Paul Williamson (trumpet, compositions), Theo Carbo (guitar), Hiroki Hoshino (double bass), Miles Henry (drums)

paulwilliamson.bandcamp.com

 

Wind & Wire: Alan Brown solo piano

‘Wind and Wire’ is a third of a set of solo albums that Alan Brown has released. His first two albums teased out the subtitles of an acoustic piano, and they did so in a setting which allowed the acoustics of the room to inform the improvisations. This album compliments the earlier albums while expanding the sonic possibilities. With keyboards and digital enhancements come fresh choices, and this is a logical progression for which Brown is well-fitted. He is an acknowledged master of the digital and analogue keyboard, and he understands how to judiciously apply enhancements. 

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The album is a set of 10 improvised pieces and the titles set up the mood for each. ‘Mood’ is an important ingredient in any ambient composition for it is the mood and not melody or rhythm which invites us inside a piece. Brown is always careful to establish this. His improvisational development follows a logic evolved from the preceding phrases. It is more than sound shaping as it flows like a river from start to finish, and this in spite of being unconfined by written charts or cycles of scales. 

In Wind and Wire, there are varying moods and not all are quiet or reflective. Where you start is not always where you expect to finish. There are surprises embedded within. While these are essentially interior landscapes they are no less real for that. They invoke vistas and engage with our ever-changing realities. Something we have hopefully learned to value in these days of inner reflection.

alanbrown.bandcamp.com

 

Trouble Spots: Ivan Zagni/Steve Garden)

A few days ago ‘Trouble Spots’ appeared in the Rattle Records Bandcamp catalogue. I listened and was captivated. Because humans are hard-wired to categorise I looked for descriptors. Among the tags were: acoustic instrumental, experimental, atmospheric, improvised. I listened to the rest of the album and then once through again. Wow, I thought, this is engaging but it studiously evades categorisation. How can something so enjoyable and so strangely familiar remain so elusive?  

The cover art was also mesmerising. So much so, that for a while I failed to register, that the album was the result of a long collaboration between Steve Garden and Ivan Zagni. Garden, the local Manfred Eicher, the presiding spirit of Rattle Records (and what is often overlooked, a fine drummer and percussionist). Zagni is the co-leader and a significant figure in the music world, long acknowledged as a gifted multi-genre experimentalist. Born in London and moving to New Zealand many years ago where he soon became a significant presence on the local scene. The Rattle label grew out of Garden’s early work with Zagni and Don McGlashan.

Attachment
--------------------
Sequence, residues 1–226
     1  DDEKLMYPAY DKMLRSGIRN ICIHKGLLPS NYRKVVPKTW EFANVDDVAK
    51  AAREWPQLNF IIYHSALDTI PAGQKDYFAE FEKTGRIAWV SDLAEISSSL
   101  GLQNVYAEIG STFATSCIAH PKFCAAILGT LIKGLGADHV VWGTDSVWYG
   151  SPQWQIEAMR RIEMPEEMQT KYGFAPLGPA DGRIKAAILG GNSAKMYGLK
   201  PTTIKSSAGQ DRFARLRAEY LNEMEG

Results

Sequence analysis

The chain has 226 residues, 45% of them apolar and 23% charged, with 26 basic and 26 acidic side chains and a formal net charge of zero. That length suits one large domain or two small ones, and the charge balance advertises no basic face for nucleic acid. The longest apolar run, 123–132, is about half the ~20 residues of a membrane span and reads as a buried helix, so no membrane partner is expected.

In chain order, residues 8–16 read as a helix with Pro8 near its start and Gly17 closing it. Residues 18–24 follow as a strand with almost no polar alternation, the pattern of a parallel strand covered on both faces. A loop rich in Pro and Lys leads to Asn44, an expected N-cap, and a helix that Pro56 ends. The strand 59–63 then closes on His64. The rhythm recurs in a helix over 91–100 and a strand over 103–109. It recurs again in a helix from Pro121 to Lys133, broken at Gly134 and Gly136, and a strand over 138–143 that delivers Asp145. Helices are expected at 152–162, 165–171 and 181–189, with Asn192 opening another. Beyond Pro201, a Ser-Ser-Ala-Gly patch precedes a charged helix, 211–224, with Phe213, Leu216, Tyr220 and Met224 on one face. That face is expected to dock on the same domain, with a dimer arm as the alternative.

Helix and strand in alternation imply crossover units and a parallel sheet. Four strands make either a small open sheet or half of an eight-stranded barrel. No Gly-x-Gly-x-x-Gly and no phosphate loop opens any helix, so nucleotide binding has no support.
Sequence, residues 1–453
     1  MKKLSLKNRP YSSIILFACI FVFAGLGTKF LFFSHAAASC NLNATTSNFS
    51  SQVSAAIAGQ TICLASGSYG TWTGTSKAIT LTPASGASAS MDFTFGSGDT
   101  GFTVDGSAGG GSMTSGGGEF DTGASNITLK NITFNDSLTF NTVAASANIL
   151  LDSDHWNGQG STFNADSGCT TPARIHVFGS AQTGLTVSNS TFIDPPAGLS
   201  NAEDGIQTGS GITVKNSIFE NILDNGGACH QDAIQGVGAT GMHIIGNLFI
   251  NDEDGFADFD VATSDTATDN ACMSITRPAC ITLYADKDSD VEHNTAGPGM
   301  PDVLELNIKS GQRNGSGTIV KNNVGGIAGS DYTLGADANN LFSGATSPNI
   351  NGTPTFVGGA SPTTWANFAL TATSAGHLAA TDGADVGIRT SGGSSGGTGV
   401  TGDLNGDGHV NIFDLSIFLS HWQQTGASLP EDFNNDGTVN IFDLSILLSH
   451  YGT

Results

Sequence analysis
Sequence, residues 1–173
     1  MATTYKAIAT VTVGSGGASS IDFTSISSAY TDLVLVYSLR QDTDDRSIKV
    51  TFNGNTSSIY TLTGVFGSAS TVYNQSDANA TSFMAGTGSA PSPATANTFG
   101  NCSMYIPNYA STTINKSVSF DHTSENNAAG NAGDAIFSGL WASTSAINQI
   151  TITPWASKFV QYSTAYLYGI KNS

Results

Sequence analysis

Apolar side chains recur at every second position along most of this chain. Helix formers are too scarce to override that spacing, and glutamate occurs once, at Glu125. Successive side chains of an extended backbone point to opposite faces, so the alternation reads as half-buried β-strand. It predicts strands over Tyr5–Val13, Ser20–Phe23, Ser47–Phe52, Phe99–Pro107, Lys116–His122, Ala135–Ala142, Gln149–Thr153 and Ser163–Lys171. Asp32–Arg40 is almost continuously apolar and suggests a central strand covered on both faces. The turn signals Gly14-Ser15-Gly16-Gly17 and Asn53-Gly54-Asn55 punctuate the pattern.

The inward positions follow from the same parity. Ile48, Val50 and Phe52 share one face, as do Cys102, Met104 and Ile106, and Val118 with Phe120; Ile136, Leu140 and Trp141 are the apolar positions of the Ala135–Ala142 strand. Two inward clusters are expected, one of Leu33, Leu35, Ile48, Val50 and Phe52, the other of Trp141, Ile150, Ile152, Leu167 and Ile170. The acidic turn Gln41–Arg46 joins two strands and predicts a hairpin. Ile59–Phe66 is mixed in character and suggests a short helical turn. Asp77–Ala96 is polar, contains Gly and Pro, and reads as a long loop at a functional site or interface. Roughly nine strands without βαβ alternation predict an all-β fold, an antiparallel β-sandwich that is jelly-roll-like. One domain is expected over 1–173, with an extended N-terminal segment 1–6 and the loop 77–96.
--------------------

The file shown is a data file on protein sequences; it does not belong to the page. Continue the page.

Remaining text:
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Keen to get the low-down I contacted Garden and during our conversation, he suggested some additional tags for the album: absurdist, filmic, musical jokes, sonic circus, accidental improvisation, sonic collages and experimental music. Most musical disciplines have a vocabulary and the listener is therefore accustomed to locating fixed reference points; seeking out the elements that indicate genre. If a style is too rigid however, then that implies stasis and the improvising arts are the antitheses of stylistic inertia.

So this is an album that tells wonderful stories and the stories are best constructed (or deconstructed) in our heads. The music here facilitates that with its evocative but elusive cover image, it’s glimpses of Beirut or Nicaragua, of Punch & Judy, Cat & Mouse. Think of it as musical Dada or a Zen Koan. There is serious intent and good musicianship here, but that should not prevent us from laughing in pure delight. 

rattle-records.bandcamp.com